In other precious metals settlements Friday:

  • Silver prices for July delivery jumped 75.5 cents, or 2.7%, to settle at $28.512 an ounce. Silver ranged from $27.170 to $28.680. The white metal on Thursday traded down 0.8% to end May 10.0% lower.

  • Platinum prices for July delivery gained $15.60, or 1.1%, to $1,433.20 an ounce, trading between $1,388.80 and $1,447.60.

  • Palladium prices for September delivery edged up 10.0 cents, or less than 0.1%, to $614.00 an ounce, ranging from $597.15 to $617.95.

The latest precious metals advances not only lifted each of them into the black for the week but brought two back up for 2012. Those were gold and silver with respective year-to-date increases of 3.5% and 2.1%. Platinum enhanced its 2012 pick-up which is now 2.0%. Palladium remains the loner this year with a loss of 6.4%.

London Precious Metal

London precious metals were mixed ahead of the U.S. payrolls data which rallied U.S. metal prices. When comparing the most recent London PM Fix prices:

  • Gold advanced $48.00, or 3.1%, to $1,606.00 an ounce,
  • Silver declined 72.0 cents, or 2.6%, to $27.38 an ounce,
  • Platinum added $2.00, or 0.1%, to $1,407.00 an ounce, and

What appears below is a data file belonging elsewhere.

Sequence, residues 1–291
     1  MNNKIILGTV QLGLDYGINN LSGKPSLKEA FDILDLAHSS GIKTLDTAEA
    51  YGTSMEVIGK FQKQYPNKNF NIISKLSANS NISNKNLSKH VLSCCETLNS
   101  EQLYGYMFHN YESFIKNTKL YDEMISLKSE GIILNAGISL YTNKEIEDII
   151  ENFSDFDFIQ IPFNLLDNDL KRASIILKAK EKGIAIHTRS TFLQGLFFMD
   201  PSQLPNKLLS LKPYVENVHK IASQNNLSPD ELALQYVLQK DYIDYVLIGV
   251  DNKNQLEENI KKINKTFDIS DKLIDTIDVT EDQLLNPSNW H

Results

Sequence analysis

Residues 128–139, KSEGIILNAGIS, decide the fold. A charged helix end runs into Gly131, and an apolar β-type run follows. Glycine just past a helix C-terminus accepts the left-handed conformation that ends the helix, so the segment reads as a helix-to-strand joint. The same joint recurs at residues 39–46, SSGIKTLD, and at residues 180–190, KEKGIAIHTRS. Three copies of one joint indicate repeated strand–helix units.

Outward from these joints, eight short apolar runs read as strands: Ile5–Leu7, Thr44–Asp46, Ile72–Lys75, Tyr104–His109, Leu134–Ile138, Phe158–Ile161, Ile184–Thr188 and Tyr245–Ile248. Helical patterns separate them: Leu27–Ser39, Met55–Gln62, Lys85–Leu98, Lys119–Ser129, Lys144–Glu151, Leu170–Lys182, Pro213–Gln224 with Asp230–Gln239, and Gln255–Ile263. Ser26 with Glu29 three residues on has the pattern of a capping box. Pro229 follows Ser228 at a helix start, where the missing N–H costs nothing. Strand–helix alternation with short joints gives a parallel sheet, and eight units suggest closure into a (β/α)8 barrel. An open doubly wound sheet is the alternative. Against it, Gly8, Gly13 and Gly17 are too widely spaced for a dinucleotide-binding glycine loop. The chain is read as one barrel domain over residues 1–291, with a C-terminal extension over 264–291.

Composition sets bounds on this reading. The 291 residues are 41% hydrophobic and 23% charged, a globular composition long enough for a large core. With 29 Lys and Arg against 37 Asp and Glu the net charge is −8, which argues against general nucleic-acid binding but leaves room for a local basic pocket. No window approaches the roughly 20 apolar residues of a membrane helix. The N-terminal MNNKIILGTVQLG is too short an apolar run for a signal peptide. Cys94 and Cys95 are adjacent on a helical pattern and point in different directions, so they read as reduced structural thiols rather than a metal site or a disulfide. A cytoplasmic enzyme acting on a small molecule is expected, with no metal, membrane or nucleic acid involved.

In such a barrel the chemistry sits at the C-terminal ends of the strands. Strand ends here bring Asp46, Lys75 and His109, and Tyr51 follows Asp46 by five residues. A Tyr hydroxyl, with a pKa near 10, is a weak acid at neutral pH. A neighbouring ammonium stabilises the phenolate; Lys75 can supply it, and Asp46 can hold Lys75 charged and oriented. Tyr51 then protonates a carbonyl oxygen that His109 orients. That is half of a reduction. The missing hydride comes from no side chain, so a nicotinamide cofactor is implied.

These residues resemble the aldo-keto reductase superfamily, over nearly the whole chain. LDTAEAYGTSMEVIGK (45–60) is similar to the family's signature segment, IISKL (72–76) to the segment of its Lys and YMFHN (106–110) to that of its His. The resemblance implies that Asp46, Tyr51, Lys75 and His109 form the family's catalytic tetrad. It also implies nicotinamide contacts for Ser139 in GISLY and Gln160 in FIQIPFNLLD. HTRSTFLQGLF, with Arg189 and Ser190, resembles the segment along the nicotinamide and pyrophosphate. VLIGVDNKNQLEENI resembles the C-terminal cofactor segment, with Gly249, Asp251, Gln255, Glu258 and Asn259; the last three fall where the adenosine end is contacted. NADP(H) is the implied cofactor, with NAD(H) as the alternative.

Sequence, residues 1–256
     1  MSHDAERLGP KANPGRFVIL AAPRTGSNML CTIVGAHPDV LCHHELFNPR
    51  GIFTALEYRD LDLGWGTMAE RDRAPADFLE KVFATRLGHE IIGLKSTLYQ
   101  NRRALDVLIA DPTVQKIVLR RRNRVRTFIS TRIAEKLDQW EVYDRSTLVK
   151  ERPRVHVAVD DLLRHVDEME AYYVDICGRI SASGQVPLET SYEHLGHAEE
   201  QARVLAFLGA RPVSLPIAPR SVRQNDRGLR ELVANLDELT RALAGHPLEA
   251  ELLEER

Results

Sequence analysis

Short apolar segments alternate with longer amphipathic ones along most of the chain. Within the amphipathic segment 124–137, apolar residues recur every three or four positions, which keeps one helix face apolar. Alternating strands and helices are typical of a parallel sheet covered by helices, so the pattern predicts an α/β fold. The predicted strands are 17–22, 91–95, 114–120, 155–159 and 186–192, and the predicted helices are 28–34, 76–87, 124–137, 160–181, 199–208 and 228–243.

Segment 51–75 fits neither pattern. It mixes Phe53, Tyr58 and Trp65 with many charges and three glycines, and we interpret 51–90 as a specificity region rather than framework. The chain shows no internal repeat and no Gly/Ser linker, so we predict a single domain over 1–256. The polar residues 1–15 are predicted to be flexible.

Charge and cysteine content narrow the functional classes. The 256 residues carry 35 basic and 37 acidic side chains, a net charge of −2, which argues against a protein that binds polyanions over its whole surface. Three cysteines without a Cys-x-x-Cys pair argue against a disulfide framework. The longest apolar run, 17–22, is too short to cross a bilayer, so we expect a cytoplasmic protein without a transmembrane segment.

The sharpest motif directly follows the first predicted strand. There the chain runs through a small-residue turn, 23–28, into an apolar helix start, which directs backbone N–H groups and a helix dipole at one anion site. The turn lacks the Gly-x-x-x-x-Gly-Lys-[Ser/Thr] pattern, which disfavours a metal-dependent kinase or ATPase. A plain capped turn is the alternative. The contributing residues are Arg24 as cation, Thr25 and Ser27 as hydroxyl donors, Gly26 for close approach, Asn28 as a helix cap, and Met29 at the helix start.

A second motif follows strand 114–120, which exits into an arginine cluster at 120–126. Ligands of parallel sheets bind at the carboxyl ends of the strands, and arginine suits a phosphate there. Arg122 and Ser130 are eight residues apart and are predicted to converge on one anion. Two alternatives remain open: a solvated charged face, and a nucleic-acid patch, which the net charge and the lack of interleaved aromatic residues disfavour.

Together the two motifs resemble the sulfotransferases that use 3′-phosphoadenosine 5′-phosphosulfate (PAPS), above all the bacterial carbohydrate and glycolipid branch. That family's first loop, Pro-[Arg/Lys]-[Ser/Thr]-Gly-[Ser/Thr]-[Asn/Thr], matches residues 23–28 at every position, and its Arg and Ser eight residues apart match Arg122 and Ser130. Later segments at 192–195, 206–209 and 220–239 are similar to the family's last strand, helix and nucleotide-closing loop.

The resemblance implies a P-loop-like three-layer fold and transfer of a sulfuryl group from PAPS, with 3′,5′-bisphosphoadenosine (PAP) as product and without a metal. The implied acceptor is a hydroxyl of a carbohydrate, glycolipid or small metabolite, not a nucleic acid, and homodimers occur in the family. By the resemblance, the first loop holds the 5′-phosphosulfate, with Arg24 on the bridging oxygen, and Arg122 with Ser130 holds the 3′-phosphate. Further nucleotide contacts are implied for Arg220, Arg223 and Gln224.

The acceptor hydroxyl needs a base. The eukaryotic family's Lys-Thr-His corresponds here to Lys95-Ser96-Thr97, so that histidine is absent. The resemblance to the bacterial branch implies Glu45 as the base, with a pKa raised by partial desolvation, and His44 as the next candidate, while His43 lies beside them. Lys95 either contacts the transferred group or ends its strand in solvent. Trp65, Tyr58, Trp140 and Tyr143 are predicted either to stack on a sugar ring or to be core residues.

• Palladium lost $4.00, or 0.7%, to $607.00 an ounce

In weekly London fixings, gold gained 2.3% and palladium rose 2.9% while silver fell 3.0% and platinum declined 1.1%.

U.S. Mint Bullion Coin Sales

No gains in American Eagle or Buffalo coins were reported by the U.S. Mint for Friday but finalized sales totals were updated for May, and they soundly rebounded from the previous month.

In 99.9% fine silver bullion coin sales, the American Silver Eagle stepped up with an 89.1% increase in May from April. Sales finished at 2,875,000 for the second best monthly total in 2012 with:

  • April at 1,520,000;
  • March at 2,542,000;
  • February at 1,490,000; and
  • January at 6,107,000.

In 22-karat gold bullion coin sales, American Gold Eagles reached 53,000 ounces in May to mark a 165.0% improvement over April. Previous monthly totals in ounces were:

  • April at 20,000;